- An Eastern European name, appearing on old country vital records;
- An American name, taken after the immigrant's arrival.
Crossing the Sea
Ask your living relatives for clues to your ancestors' immigrant origins.
Finding your family's home country, province and, ideally, village is
crucial to tracing your roots to the other side of the Atlantic. You can
also consult passenger arrival lists, immigration records and naturalization
Once you've identified a country or region of origin, you
can often acquire records by contacting specific foreign state archives.
On average, an inquiry will be a pricey $300 to $500, but the information
gleaned could be more valuable than the cost to obtain it, and it could
substitute for or better prepare you for a heritage trip. Moldova, however,
will not process information requests and accepts such inquiries only
through Routes to Roots.
Research firms, like the New Jersey based Routes to Roots,
often shed light on a dark past. Some have research contacts in Europe;
others have branch offices in those countries. Individual genealogists
in Europe, the United States and Canada also hire out their services;
the Federation of Eastern European Family Historical Societies keeps lists
Another source for European records is the Family
History Library in Salt Lake City, most of whose holdings can be borrowed
from your local Family History Center. "They have incredible collections
of Jewish vital records for Germany, Poland and Hungary," Mokotoff notes,
"and they are slowly acquiring records in such countries as Lithuania,
Belarus and the Ukraine." If the FHL doesn't have the records you need,
however, you may be in for a long wait: The opening of government records
in post-Communist Eastern Europe has led to a flood of information that
still needs to be transferred to microfilm.
Cemeteries also may have clues to your ancestral origins.
Many immigrants organized in landsmanshaftn, denoting a common town of
origin, and Jewish cemeteries often belong to congregations that drew
members from the same Old World community. Congregational or landsmanshaft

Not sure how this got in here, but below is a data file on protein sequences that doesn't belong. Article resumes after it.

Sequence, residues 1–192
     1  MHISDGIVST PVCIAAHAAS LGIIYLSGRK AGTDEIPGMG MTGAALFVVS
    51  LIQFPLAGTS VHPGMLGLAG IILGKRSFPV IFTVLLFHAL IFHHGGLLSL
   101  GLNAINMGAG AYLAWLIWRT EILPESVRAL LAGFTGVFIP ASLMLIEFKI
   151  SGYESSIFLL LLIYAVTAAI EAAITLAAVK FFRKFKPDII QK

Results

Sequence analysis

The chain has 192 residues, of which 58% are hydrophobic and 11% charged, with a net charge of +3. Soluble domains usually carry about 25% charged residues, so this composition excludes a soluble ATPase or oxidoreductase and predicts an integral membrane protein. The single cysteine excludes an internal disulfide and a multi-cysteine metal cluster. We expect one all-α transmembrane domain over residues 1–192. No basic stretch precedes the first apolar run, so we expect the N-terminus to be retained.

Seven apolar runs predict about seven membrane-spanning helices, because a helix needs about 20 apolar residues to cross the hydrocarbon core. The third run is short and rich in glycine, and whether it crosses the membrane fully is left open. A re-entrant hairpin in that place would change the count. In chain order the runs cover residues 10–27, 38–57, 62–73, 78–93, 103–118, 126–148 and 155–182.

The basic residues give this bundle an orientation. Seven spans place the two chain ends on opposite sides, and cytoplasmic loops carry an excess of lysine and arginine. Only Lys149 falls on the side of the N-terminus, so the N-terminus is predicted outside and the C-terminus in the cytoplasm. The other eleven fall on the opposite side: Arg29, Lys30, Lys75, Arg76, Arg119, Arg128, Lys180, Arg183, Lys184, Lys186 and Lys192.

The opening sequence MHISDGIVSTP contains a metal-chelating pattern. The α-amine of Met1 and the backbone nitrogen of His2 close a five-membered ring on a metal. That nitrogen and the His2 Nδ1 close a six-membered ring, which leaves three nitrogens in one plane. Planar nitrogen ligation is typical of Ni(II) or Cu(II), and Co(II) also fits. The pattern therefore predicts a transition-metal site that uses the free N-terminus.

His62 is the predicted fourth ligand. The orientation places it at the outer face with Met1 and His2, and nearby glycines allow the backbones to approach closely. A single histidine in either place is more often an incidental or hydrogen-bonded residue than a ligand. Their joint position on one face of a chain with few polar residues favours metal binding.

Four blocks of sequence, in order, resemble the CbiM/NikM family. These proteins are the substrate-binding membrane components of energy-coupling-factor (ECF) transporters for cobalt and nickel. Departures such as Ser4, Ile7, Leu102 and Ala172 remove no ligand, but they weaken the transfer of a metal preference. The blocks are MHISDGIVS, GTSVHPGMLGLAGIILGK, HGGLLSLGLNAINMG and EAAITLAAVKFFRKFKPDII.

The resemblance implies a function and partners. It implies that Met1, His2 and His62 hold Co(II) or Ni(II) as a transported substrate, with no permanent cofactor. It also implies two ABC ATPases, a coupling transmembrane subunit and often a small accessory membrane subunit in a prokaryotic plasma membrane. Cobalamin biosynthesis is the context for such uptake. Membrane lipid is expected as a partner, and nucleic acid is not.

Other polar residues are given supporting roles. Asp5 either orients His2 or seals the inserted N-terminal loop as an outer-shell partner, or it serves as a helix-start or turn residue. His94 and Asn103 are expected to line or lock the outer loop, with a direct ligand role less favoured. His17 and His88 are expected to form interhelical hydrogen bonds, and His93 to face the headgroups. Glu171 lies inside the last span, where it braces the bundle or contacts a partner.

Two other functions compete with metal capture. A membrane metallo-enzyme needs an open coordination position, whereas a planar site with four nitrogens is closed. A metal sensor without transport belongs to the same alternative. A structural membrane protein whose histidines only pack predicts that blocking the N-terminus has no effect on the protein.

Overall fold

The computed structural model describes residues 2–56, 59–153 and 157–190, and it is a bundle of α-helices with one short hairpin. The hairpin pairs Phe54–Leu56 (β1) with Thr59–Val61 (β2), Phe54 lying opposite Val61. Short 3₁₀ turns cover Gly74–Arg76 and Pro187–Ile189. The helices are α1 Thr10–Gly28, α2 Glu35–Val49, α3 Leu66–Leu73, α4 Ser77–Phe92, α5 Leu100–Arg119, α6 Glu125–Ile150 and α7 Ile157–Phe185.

plots, like those of my great-grandparents, list an immigrant's birthplace
on the tombstone. (There is also a tradition of leaving rocks on top of
the gravestone, which may indicate to a visitor that another relative
or friend of the deceased is available to make more genealogical connections.)
Once you obtain even partial information, such as port of
entry, limited vital statistics and, most important, region or town of
origin, you can start unlocking your overseas roots. All it takes is a
lot of patience and a bit of chutzpah (nerve, or in this case, perseverance)
an intrinsic quality that has helped Jews survive throughout history.
You might think that the migratory nature of the Jewish
people and the purging of communities by the Cossacks during the pogroms
and the Nazis during the Holocaust means many Jews have no concrete evidence
of their past. This popular misconception can hinder successful research.
Many also believe that a heritage trip to the old country
would turn up very little information, since most vestiges of shtetl life
have been erased by tyranny and time. On a trip to the Ukraine last year,
I found plenty of evidence to the contrary. The famous Brodsky Synagogue
in Kiev, long used as a puppet theater by the Communists, now functions
as a house of prayer; sawdust from new floorboards filled the air during
my visit. Formerly repressed or partially destroyed communities find renewal
today, though they're struggling. In fact, one way to encourage these
communities' rebirth is by planning a heritage trip that will give hope
and provide volunteers, supplies or funds.
If you're searching for survivors or victims of the Holocaust,
heritage museums and Holocaust centers may have the records you need.